11/26/2013 12:38 pm ET Updated Jan 26, 2014

Pass the Pie, Charlie Brown

Impossible to believe that it's nearly Thanksgiving. Seems like the summer just happened, and now we're onto the holiday season, which is being crammed down our throats earlier and earlier by all the TV channels showing holiday movies practically the day after Halloween. I'm still hanging on to a bit of the summer and hoping for one more 90 degree day at the beach and not having to wear three shirts and a heavy jacket inside the house.

Thanksgiving wasn't too much of a big deal in my family because we were together so often, it was just another meal except on a weekday, and we didn't have to go to school the next day. We came, we ate, we argued, we ate dessert and then we left, if it wasn't being called Thanksgiving, It would be called Sunday dinner.

Thanksgiving Day was usually a comedy of errors onto itself. My mother would be trying to drag us out the door to my Aunt Mame's without losing her mind. My father would start a fight three seconds before we'd get out of the driveway and threaten to stay behind. I would fall asleep in the car and wake up as we got to my Aunt's house, and my mother would say through gritted teeth, "We're going to get through this dinner in one piece, or so help you next year you'll be eating pizza for Thanksgiving!" We'd slap fake smiles on and walk into the house which never worked because my aunt would notice immediately that something had gone down, but she never let on. It would like feeding into it.

After the greetings came, I'd go look for my Uncle, The Godfather, watching TV. It was the same question every year, no matter how old I got, "Have you been behaving this year?" -- which didn't make sense since we just saw each other the previous weekend. But of course, I answered, "Nope." He'd pat me on the head, and I'd go back out to the kitchen to watch my mother and Aunt argue over when to put the bird on the table. The funniest part of their argument would be the fact they would be yelling with smiles on their faces like it was nothing.

I'd have my own little Thanksgiving tradition, after the usual football game: I'd watch a Muppet movie marathon or when I was a teenager, Party of Five, I would become like a zombie and The Godfather would come in and have to shake me to say it was time for dinner. One year I refused to give up the remote to my cousin, and while trying to play keep-away while he tickled me, I fell off the couch and sprayed Orange Crush all over the couch.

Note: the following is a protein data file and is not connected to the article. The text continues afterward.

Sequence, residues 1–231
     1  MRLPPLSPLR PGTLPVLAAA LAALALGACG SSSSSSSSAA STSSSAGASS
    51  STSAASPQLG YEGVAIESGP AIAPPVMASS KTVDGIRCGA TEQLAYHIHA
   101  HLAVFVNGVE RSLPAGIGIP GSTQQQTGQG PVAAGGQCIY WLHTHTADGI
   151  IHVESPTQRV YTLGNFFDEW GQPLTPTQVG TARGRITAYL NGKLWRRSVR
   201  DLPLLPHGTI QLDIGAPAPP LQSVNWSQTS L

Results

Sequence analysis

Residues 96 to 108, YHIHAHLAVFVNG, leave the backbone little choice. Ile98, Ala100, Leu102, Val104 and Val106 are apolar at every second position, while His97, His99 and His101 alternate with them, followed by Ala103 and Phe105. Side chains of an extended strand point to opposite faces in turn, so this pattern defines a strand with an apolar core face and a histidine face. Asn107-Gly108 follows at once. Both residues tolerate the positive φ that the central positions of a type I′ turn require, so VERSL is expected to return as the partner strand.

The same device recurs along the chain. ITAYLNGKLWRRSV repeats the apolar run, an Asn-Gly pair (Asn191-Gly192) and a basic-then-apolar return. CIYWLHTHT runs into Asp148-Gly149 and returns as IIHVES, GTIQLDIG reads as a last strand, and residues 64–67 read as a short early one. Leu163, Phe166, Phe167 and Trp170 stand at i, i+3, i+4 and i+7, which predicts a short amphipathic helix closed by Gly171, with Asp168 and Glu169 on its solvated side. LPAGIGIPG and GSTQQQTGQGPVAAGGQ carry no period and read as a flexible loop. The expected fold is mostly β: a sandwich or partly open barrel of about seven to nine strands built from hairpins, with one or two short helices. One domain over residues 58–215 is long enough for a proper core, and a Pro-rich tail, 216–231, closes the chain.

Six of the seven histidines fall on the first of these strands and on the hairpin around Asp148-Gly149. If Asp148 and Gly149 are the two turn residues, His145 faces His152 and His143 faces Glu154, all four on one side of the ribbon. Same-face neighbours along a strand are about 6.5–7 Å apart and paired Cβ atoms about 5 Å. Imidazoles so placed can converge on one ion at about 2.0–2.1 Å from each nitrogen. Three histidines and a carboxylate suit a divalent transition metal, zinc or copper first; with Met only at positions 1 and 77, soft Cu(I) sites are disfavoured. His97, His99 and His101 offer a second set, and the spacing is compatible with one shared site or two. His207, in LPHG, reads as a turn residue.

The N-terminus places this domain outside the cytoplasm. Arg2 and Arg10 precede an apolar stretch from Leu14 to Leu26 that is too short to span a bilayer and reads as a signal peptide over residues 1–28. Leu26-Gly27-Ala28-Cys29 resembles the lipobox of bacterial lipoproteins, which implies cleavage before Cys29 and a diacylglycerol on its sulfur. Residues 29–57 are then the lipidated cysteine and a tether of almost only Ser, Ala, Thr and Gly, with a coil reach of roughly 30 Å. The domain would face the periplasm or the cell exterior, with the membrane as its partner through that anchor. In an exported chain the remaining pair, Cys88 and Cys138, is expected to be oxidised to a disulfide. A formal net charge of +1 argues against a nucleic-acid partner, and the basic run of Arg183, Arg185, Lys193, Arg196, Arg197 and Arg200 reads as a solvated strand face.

Because I was the only kid, it never made sense to have a kid's table so I sat up right and center, and I loved every second of it. I never said a word: I couldn't, and I was afraid if I did, I'd miss something. For a lot of years when we'd sit down to eat, I'd have Mac and Cheese because I didn't like turkey and would refuse to eat it until my cousin threatened to jam a turkey leg down my throat if I didn't agree to at least taste it.

Most families would say grace or what they were thankful for, we never did that because we were already so grateful anyway for another year together, after so much loss we'd experienced from past years that words were kind of useless. After the food was put on the table, it would be silent for five minutes until someone would break it by asking for something.

Every year, My Aunt Mame and I would take a bet on what time my father would fall asleep, because it was like putting a toddler down for his nap as soon as dinner was over and he wouldn't say anything, He'd just get up and We'd find him out cold in a chair and then as soon as the magic word, "dessert," was said, he'd snap awake.

It seemed to me as soon as we were done eating, all the women would move into the kitchen, and then it was like a secret coven. Voices would drop, chattering would start and literally as soon as my father or the Godfather walked in, the silent signal was shot across the room and everyone shut up.

Although we had spent all day together, it didn't feel like it. Time had just sped by and when it was time to leave, I'd be sad because I knew, although we'd see each other about a 100 times before Christmas, it still felt like it would be a thousand years until then.

Times have changed, and we don't have the same traditions anymore. There's no secret meetings of the women in the kitchen, my father usually falls asleep during Thanksgiving, and I am miserable during the whole thing because I miss the traditions we had, despite all the arguing and craziness.

What were your traditions growing up as a kid? Was yours peaceful or crazy like mine?